Woman screaming because the dehumanized robot brands are after her.

Why do companies have such a hard time talking like real people? I mean what are companies but groups of people with the same values working together towards a common purpose?

Slow Loss of Power

The use of electricity as a power source has always fascinated me. The fact that electricity can be generated in a vast number processes and that it is an extremely versatile form of energy, has led to it becoming the backbone form of energy for modern society.

That’s not to say that electricity doesn’t have it’s problems. One of the biggest problems energy companies face with electricity is transferring it. They have found that as electricity travels, it slowly loses its power. So the farther electricity has to travel, the more power it loses.

That’s why windmill farms haven’t created the infinite supply of electricity that many thought they would. Because the areas with the most wind, in the US anyways, are many miles from major cities. So a large majority of the power generated by these windmills is lost in transition.

The Slide Through Company Pipes

Our challenges with electricity and the challenges that companies face in regards to communication are much the same.

Most forms of communication start out with the best of intentions, but as they are passed through the company pipes they start to lose something. As communication is filtered through the corporate bureaucracy, company standards and compliance slowly chip away at the humanistic traits. By the time communication finally makes it out the door and reaches the major city, it often resembles something written by a computer as opposed to a real person.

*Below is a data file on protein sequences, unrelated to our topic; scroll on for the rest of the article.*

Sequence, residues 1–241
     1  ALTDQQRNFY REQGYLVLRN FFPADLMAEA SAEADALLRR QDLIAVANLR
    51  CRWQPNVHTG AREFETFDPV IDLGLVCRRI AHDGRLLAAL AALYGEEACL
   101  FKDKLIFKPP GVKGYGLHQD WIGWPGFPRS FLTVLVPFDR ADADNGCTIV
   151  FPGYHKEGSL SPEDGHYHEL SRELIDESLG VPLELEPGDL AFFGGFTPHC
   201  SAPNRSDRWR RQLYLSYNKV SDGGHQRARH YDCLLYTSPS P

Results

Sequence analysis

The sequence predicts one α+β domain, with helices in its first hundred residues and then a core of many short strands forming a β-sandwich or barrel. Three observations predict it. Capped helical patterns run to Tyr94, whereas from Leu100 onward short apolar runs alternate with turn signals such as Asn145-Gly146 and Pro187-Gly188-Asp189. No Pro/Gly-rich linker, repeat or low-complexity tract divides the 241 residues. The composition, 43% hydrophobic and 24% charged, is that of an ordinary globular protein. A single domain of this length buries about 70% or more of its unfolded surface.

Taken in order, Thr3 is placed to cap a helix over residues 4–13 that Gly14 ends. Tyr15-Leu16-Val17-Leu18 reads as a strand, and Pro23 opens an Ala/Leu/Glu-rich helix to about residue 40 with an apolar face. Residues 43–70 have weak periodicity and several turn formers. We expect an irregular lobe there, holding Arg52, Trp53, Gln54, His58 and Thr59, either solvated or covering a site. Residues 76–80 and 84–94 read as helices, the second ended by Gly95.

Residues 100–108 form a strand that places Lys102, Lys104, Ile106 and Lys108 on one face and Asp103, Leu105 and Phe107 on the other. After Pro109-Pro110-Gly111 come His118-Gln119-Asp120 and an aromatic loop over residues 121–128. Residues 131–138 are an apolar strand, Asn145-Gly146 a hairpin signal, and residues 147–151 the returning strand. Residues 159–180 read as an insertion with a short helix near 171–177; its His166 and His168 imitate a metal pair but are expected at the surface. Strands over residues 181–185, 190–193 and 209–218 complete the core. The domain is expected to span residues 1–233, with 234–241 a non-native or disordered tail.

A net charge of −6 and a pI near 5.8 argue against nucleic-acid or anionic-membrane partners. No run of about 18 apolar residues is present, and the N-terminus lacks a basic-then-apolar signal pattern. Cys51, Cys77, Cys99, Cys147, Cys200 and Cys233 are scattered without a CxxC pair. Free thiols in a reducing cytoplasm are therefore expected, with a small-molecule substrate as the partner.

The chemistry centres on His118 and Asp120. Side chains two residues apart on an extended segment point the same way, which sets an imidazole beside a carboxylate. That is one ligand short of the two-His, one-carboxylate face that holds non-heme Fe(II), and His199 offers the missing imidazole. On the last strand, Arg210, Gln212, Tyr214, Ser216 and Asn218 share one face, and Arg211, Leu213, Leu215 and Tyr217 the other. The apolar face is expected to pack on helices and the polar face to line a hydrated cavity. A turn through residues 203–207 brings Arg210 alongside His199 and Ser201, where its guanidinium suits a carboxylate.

This is how we end up with credit card documents that are 4 pages long, and return policy printouts on the back of 2-foot long receipts.


Human Talk

This is the point in the post where a good blogger would change the pace and start to offer solutions for humanizing company communications.

But I’m not your average blogger and I don’t think this is a topic that can be tackled in one concise post. So I’m not even going to try. Instead, I’m going to turn this idea into an ongoing log, and what I hope will become an ongoing discussion.

Consider this the flagship post for a new series I’m calling Human Talk, and a point of topical reference for all posts yet to come. There are endless examples of the good and bad of company communications, and I am going to bring you a new one each week!